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Summary: Most leaders eventually have to contend with people who want to leave their team or organization. How you deal with such situations can be one of most important things you do as a leader. Here is a simple but powerful process, taught by Shakespeare's Henry V, that will help insure you do right thing.
A Rare Leadership Skill: Dealing With People Who Want Out By Offering Crowns For Convoy by Brent Filson
As a leader, you'll inevitably be faced with people wanting to leave your team or organization. Dealing with challenge is critical for your leadership success. Your response will have ramifications far beyond your immediate circumstances. One of best ways to respond comes from Shakespeare's Henry V.
The stirring speech of Shakespeare's Henry before battle of Agincourt contains many leadership nuggets. But commentators who recount speech usually overlook a particularly valuable one. They focus on speech's "band of brothers" aspects but neglect fact that Henry also said that if any of his soldiers would rather not fight, he'd give them passport and "crowns for convoy" back to England.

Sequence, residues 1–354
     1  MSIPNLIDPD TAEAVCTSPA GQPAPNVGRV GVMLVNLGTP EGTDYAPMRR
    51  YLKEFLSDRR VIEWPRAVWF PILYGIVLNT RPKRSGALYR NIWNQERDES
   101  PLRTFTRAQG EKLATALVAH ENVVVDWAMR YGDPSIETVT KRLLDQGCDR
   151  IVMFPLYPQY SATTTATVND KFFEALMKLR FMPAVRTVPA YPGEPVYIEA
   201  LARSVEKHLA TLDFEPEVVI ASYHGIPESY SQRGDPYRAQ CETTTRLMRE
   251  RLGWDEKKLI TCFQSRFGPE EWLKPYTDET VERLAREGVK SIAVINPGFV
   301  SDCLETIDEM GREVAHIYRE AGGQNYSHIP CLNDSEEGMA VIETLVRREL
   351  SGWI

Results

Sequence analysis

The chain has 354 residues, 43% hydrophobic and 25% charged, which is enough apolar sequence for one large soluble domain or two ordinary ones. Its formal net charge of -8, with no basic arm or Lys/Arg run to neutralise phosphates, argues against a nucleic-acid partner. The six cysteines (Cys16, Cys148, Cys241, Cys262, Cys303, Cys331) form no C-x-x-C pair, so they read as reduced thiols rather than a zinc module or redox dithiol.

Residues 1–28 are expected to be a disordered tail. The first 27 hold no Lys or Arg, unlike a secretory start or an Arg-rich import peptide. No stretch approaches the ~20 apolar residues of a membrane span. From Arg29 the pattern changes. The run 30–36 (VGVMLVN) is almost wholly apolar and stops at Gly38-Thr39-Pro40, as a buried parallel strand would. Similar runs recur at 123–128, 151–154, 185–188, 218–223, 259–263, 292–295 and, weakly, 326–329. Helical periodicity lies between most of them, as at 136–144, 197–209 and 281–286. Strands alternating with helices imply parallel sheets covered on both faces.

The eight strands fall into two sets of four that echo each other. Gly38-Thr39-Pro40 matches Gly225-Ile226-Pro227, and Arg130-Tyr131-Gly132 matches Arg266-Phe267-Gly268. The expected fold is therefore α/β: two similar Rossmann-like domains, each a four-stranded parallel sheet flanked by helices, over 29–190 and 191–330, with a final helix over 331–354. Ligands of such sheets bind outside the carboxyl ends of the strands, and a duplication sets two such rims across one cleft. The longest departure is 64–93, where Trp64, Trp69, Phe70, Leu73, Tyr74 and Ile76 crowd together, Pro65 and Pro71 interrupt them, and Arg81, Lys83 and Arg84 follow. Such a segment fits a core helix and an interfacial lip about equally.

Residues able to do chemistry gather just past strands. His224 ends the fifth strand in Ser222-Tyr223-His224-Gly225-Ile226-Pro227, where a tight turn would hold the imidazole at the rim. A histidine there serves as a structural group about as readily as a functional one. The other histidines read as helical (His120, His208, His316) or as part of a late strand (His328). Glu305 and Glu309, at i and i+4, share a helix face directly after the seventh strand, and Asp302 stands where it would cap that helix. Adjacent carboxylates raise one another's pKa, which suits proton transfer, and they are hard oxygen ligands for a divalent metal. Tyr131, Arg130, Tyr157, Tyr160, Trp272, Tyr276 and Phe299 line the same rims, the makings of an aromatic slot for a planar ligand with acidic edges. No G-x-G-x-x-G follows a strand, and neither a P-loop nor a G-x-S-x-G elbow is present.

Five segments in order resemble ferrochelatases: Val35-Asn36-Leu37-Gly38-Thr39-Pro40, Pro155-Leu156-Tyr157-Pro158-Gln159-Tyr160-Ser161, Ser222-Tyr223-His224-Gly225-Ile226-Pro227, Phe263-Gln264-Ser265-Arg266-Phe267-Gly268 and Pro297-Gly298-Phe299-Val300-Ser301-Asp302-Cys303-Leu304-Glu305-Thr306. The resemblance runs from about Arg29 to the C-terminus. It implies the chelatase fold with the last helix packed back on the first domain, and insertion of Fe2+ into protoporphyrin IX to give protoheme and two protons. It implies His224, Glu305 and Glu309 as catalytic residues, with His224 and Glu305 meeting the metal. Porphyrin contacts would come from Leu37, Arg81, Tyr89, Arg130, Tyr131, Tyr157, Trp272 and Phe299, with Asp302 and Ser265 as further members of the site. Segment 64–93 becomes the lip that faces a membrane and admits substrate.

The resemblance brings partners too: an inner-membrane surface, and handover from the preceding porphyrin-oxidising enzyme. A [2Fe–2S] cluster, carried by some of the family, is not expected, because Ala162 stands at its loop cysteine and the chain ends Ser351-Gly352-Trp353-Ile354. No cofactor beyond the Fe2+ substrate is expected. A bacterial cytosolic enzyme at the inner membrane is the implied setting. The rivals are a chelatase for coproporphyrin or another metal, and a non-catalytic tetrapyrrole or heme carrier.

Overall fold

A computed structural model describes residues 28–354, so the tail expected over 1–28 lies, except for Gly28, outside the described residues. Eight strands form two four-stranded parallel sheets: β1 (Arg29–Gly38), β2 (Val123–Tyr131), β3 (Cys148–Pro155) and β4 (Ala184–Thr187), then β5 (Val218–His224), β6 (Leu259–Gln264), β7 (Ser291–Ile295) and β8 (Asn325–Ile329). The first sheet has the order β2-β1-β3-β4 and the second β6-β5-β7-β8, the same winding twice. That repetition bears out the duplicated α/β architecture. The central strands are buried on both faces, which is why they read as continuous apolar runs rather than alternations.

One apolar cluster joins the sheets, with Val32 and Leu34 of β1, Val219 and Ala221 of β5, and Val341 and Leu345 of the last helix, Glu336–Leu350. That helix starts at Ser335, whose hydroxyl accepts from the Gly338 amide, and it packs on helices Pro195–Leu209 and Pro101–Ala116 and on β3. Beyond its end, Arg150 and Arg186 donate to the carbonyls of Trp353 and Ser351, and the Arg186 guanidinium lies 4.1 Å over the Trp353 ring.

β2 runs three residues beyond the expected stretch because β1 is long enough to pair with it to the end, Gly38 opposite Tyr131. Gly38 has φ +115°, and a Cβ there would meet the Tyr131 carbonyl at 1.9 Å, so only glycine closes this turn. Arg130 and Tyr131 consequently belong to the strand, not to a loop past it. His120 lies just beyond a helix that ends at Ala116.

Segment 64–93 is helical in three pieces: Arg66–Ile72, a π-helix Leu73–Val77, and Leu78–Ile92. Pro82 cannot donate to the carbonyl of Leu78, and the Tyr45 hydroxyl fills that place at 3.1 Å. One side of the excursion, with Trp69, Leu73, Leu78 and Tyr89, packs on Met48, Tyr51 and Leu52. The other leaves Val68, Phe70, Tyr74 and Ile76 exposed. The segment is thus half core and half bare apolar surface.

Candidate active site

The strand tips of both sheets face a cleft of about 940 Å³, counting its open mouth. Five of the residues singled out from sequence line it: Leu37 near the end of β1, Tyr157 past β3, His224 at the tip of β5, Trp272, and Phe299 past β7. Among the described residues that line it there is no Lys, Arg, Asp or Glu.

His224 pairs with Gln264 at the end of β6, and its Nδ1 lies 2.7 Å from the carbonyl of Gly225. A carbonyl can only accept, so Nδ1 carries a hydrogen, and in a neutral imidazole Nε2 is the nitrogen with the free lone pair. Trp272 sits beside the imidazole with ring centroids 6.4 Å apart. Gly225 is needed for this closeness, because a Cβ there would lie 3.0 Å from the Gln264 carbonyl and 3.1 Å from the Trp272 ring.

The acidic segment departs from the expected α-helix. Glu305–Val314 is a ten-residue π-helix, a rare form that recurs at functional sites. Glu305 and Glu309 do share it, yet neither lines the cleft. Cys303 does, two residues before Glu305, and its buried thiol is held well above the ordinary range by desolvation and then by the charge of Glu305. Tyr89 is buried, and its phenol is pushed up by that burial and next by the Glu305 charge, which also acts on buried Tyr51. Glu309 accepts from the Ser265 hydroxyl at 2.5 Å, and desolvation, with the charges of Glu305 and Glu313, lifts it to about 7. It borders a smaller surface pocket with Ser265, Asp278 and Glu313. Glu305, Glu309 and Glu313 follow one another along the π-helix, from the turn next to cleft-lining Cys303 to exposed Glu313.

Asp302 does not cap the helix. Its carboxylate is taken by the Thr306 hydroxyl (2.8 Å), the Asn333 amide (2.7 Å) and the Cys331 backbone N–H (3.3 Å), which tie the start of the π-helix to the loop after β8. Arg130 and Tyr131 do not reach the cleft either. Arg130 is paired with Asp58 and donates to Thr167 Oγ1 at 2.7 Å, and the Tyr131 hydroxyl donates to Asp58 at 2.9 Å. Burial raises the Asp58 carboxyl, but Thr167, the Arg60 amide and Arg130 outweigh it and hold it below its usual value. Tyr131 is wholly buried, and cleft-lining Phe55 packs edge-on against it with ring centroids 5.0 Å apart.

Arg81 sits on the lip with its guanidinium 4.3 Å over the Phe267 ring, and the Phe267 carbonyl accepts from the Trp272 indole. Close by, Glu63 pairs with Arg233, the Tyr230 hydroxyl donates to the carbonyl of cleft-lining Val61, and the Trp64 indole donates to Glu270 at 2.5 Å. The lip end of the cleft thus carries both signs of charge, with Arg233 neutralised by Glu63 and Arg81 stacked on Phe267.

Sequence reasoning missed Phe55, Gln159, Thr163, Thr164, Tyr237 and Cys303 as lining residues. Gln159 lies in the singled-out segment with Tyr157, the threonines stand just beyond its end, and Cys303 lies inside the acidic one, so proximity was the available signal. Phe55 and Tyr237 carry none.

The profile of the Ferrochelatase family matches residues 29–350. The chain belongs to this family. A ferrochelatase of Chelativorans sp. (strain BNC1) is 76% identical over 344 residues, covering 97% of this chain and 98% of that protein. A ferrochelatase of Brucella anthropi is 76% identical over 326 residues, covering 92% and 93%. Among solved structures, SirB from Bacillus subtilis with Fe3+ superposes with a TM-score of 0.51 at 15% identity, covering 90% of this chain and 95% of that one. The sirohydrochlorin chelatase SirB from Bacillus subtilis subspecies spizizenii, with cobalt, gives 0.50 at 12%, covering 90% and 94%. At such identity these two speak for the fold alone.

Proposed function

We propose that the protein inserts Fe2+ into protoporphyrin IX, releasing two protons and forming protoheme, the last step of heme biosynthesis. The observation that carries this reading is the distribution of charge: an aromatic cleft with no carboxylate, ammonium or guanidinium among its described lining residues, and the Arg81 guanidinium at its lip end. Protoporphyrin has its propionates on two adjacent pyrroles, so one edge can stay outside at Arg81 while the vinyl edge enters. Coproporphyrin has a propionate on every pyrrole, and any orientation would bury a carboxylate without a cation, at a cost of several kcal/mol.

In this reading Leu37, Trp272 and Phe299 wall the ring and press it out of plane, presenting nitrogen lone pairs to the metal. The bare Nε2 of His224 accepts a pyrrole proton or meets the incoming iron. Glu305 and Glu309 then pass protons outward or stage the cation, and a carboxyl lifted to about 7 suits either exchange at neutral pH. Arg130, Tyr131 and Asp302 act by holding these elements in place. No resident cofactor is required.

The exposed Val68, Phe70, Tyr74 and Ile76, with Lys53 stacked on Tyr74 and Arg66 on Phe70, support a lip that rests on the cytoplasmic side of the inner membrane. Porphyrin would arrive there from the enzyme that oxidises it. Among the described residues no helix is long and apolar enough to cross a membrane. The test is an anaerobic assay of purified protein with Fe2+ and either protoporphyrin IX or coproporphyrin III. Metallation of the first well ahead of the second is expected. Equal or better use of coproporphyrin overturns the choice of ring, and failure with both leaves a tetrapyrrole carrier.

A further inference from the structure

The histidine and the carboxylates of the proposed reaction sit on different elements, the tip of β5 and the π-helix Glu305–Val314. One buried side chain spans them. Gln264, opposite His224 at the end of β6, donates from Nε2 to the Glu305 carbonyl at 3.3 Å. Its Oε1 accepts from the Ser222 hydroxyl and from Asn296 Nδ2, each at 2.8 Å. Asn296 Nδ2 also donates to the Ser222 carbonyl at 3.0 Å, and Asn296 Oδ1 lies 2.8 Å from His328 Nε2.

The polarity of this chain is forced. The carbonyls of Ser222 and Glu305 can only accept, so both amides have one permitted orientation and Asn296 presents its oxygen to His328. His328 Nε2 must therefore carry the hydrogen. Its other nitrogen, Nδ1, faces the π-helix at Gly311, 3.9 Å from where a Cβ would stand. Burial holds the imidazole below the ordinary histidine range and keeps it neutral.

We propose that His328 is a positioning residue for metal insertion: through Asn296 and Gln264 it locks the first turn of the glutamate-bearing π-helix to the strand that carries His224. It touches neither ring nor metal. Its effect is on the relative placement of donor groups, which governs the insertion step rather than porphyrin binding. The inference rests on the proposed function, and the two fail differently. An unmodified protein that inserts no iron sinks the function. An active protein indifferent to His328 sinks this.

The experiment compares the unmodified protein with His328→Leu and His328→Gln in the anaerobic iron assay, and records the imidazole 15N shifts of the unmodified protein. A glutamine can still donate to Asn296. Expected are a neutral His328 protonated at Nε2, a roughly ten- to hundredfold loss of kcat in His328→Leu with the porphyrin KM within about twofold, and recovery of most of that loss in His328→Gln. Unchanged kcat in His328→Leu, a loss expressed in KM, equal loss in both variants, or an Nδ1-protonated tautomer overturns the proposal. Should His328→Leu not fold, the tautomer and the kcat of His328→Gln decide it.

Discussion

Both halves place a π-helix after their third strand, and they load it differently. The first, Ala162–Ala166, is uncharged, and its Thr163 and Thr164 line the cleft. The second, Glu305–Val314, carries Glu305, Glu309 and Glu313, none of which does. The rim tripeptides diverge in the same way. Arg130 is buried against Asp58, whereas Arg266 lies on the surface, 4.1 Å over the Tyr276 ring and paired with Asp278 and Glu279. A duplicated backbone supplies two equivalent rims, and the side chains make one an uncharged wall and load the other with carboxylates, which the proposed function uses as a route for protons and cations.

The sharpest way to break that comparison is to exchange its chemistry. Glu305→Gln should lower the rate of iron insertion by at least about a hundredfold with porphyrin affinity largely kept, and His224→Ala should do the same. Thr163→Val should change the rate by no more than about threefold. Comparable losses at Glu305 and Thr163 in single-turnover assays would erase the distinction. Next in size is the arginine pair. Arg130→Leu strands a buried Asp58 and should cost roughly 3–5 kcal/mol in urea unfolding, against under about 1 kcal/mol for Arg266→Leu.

Henry was aware that some of his soldiers were reluctant to fight; for he led a rather bedraggled army. History recounts they had marched 260 miles in 17 days. They were short of food. They were drenched by two weeks of continuous rain. Many of them were suffering from dysentery contracted from drinking fetid pond water. And they were facing flower of French knighthood, knights who were rested, better equipped and eager for battle. So there were probably many soldiers who wanted to avoid battle, get quickly to coast and board ships for England.
Shakespeare has his Henry respond to these leadership challenges in a telling way. Instead of trying to cajole those who wanted to leave into remaining with him, or on other hand, punish them, he did something much more effective: He actually offered them passports and money to go.